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'League of Legends' championship will start in Shanghai despite pandemic

Engadget logo Engadget 1/08/2020 Jon Fingas
a large body of water: 'League of Legends' World Championship 2020 logo above Pudong Soccer Stadium in Shanghai, China 'League of Legends' World Championship 2020 logo above Pudong Soccer Stadium in Shanghai, China

At least one major eSports league is determined to push forward with in-person finals despite the COVID-19 pandemic. Riot Games has announced that the League of Legends World Championship 2020 will take place in Shanghai between September 25th and October 31st, with the finals held at the new Pudong Soccer Stadium. The developer is promising safety measures, although there are a number of concerns about their effectiveness.

Riot believed that holding the entire tournament in Shanghai rather than multiple cities would “reduce travel” and help “control the show environment.” It also said that early stages would have no in-person audiences, and that an audience for the finals would depend on “local guidelines.” It didn’t say when fans could expect details on possible tickets and safety measures beyond sometime later in the summer.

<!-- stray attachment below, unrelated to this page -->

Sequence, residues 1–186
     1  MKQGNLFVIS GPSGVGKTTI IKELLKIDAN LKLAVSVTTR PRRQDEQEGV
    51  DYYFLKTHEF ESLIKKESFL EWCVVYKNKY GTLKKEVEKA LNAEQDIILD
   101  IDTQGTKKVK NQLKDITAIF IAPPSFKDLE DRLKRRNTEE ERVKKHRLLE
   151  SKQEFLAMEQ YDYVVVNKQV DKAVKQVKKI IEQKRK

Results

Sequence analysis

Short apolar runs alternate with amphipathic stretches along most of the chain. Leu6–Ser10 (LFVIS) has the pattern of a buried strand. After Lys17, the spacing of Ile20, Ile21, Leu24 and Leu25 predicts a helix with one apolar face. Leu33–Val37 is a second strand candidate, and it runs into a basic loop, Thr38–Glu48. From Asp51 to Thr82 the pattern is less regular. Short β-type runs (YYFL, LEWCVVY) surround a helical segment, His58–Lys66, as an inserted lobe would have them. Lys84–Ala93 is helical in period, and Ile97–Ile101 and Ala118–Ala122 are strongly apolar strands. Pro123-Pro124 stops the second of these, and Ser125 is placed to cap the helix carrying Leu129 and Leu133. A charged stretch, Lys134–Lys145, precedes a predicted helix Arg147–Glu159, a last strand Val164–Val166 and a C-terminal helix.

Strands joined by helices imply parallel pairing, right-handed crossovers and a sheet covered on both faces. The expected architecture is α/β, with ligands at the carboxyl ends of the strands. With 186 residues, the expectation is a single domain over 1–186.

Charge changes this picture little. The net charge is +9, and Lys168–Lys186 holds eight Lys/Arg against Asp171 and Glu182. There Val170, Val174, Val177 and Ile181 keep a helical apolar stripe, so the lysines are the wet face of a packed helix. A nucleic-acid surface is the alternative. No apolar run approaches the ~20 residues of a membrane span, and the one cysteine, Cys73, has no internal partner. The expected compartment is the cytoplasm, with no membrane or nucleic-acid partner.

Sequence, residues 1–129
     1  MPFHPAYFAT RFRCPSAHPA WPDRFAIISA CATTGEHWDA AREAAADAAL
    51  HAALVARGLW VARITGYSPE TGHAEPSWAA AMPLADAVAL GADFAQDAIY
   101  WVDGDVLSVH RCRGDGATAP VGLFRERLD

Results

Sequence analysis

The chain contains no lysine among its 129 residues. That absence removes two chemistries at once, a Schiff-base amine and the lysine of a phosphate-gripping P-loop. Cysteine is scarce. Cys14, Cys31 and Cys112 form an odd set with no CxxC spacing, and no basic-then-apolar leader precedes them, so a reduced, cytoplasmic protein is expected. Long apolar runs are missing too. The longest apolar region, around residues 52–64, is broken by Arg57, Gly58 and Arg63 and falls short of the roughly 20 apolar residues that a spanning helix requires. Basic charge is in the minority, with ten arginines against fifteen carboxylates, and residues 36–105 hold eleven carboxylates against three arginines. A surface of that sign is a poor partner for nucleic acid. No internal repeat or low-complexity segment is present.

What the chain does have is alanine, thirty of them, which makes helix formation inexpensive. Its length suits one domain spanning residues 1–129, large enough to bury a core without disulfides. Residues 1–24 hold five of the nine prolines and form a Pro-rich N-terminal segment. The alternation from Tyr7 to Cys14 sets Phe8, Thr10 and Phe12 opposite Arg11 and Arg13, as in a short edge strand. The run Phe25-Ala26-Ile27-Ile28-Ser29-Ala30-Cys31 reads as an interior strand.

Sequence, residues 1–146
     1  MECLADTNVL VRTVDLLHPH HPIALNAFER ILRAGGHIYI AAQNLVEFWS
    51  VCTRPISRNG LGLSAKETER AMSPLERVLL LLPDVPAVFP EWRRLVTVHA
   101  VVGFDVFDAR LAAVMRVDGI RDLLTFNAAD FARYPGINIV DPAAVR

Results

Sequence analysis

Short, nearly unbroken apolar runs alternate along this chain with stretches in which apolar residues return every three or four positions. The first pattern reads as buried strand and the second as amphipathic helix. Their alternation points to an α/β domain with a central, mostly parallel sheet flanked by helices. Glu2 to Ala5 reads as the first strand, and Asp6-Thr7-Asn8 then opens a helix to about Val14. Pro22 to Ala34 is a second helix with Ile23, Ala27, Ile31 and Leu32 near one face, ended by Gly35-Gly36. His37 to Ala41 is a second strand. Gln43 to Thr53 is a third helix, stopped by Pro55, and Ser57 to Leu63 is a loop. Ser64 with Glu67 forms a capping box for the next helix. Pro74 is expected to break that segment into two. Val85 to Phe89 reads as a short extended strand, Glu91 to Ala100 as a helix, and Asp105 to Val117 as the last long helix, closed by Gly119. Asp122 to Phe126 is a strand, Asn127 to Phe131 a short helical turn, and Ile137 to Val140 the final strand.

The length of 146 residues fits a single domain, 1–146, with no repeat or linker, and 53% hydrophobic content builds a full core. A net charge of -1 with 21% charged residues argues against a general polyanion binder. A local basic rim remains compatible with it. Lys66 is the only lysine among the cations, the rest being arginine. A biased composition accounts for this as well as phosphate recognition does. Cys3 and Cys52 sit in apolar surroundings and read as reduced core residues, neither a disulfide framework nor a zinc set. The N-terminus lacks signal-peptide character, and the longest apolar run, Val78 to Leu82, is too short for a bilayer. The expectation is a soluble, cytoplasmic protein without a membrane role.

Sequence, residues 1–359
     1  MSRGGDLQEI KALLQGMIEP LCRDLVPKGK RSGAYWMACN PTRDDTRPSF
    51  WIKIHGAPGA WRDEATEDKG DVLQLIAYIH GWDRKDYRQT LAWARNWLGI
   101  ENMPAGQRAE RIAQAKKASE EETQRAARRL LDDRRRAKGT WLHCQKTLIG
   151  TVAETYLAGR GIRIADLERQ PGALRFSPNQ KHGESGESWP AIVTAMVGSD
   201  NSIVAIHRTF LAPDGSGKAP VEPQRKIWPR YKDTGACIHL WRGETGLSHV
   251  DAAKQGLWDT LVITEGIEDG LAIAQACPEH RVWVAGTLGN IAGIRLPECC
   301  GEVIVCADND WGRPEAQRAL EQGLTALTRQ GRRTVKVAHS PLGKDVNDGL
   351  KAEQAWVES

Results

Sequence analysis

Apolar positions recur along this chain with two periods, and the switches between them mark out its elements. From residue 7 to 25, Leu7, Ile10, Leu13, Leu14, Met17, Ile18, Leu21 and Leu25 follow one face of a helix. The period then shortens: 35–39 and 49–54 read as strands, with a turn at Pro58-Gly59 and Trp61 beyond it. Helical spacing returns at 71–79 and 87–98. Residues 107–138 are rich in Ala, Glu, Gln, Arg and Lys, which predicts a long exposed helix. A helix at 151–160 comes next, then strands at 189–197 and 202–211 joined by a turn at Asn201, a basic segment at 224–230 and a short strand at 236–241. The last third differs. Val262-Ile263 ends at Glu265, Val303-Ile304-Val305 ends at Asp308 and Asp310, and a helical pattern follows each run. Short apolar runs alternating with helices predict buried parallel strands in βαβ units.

The company is clearly following the practices of conventional sports that have relied on limited travel and virtual fans to minimize the risk of infections, but that also means it shares some of the same issues. While a single city reduces travel, it doesn’t eliminate travel — teams will have to fly across the planet to participate. There are also no mentions of whether or not teams will live in a “bubble,” how often they’ll be tested for COVID-19, or what happens if players get sick.

This is also assuming enough teams are willing to show up. There may not be much of a tournament if would-be participants decide it’s not worth risking their health to compete.

The company is committed to a return to normality in subsequent years, at least. It expects a full multi-city tour in China in 2021, and plans for North America to host the 2022 championship. It’s so far convinced that 2020 will be a blip — it’s just a question of how large that blip is.

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